December 08, 2014

We were deeply saddened to learn of the sudden death of Stella Young.

 Last month, The Age published a letter Stella had penned to her 80-year old self.


In it, Stella reflected on the epiphany she had at 17:


“I was not wrong for the world I live in. The world I live in was not yet right for me.”

That was the spirit that drove Stella, the determination that fuelled her tireless advocacy for the causes she held close to her heart.


A feminist, an atheist and an activist with her own one-woman show at the Melbourne Comedy Festival – Stella was afraid of nothing and believed she could do anything.


Stella was a qualified teacher but became a national educator about people living with a disability.


She was a strong, passionate and wickedly funny voice for hundreds of thousands of Australians with disabilities.


As a feisty and fearless panel member on Q&A, a pull-no-punches writer for the ABC online, editor of the Ramp Up website, and the author of a TED talk with more than 1.5 million hits, the sweep of her influence was vast.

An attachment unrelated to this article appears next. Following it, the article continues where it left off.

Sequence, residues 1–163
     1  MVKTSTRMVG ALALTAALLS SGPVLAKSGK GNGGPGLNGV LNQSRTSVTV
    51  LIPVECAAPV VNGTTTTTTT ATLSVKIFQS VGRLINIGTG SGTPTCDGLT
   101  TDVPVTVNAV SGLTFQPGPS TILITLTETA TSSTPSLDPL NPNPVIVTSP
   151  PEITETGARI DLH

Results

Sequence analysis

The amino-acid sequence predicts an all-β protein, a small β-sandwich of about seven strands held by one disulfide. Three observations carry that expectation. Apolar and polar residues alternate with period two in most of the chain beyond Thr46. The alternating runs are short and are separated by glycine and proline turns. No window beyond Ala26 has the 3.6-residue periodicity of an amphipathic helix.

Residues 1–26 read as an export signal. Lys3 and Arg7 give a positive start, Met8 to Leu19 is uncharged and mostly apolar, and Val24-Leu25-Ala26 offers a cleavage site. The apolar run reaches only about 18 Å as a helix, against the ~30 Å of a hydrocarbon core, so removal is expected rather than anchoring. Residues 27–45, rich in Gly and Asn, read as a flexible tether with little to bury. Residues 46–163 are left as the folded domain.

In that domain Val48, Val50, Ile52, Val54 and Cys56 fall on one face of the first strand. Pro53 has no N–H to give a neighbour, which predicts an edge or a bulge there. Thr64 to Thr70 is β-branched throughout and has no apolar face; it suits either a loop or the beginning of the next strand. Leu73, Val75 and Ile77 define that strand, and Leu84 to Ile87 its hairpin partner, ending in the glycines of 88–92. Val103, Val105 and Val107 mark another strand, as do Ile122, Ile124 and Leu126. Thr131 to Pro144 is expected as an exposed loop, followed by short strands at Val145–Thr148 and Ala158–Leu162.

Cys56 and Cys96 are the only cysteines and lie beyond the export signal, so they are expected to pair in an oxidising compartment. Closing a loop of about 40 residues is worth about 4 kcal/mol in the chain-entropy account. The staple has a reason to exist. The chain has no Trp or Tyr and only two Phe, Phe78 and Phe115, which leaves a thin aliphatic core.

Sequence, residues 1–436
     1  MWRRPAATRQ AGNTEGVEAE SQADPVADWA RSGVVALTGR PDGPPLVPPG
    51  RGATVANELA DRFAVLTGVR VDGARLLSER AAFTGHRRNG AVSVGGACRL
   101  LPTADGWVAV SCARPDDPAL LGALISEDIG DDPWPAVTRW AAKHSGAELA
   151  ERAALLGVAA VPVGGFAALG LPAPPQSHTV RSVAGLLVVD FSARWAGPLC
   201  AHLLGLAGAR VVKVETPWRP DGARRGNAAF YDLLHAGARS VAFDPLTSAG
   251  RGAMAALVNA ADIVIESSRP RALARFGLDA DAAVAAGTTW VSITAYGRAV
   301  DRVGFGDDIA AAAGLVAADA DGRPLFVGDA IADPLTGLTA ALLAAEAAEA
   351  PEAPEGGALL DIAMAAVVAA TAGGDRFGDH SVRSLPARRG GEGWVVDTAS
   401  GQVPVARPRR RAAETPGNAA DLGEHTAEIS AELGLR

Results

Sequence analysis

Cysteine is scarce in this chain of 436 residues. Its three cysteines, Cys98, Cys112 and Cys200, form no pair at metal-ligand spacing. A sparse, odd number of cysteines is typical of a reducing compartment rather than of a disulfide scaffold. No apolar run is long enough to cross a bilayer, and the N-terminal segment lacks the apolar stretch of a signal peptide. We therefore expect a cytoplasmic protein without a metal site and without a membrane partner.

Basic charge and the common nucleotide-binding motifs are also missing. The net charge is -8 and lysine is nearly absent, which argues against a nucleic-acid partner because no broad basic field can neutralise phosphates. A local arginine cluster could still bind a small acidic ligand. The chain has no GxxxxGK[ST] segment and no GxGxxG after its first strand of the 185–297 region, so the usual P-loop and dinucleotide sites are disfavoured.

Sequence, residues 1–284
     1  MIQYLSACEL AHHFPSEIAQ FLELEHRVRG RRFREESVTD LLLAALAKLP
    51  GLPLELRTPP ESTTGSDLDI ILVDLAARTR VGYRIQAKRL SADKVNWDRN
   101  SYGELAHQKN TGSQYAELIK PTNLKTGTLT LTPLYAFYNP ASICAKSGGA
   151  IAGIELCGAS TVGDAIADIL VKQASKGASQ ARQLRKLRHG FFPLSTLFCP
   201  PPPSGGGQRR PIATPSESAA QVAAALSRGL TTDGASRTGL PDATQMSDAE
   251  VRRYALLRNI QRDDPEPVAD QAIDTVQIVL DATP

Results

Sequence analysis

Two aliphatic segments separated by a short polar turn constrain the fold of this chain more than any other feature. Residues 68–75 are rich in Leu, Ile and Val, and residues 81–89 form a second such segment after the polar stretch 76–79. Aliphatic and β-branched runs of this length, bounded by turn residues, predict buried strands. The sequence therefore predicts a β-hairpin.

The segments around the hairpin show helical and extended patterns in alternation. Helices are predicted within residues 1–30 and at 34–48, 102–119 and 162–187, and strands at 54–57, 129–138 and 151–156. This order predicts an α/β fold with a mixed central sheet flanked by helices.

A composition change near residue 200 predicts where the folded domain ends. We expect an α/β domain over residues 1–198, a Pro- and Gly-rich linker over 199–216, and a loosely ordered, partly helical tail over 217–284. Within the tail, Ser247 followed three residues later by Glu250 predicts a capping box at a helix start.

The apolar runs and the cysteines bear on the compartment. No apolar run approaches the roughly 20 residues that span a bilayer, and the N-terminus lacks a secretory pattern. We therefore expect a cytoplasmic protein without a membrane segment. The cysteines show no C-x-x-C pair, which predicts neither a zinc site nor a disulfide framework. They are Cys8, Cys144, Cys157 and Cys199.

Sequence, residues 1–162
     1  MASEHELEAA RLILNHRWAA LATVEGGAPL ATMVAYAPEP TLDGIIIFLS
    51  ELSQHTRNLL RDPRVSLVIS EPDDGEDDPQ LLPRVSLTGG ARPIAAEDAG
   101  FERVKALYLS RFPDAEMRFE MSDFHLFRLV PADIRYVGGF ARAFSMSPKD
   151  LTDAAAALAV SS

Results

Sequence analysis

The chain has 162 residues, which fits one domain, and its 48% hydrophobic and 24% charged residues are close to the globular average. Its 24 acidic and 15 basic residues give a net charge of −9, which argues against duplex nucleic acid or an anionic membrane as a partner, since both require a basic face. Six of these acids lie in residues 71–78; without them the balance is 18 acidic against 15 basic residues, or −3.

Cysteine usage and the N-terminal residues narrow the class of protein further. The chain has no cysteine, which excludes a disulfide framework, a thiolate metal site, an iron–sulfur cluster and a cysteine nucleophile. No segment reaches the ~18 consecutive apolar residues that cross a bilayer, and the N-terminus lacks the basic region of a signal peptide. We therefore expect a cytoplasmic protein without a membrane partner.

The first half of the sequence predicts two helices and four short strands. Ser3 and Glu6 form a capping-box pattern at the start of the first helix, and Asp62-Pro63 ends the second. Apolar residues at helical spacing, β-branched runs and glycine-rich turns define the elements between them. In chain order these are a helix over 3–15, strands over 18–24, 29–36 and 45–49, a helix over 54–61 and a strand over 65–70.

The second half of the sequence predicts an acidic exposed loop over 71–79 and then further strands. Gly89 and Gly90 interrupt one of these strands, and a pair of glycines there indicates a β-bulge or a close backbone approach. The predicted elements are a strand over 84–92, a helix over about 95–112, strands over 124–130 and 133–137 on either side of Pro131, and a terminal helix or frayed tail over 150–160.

We had the privilege of working closely with Stella during the creation of the National Disability Insurance Scheme.


We will always be grateful for the contribution that her sharp wit, her limitless self-belief and her boundless optimism made to empowering hundreds of thousands of Australians, freeing them from the exile of a second class life in their own country.


On more than one occasion, Stella said ‘I’m not your inspiration thank you very much’.


Then – and now – we respectfully disagree.


She was an inspiration, for all of us.


Our heartfelt condolences to Stella’s family and friends.


May she rest in peace.





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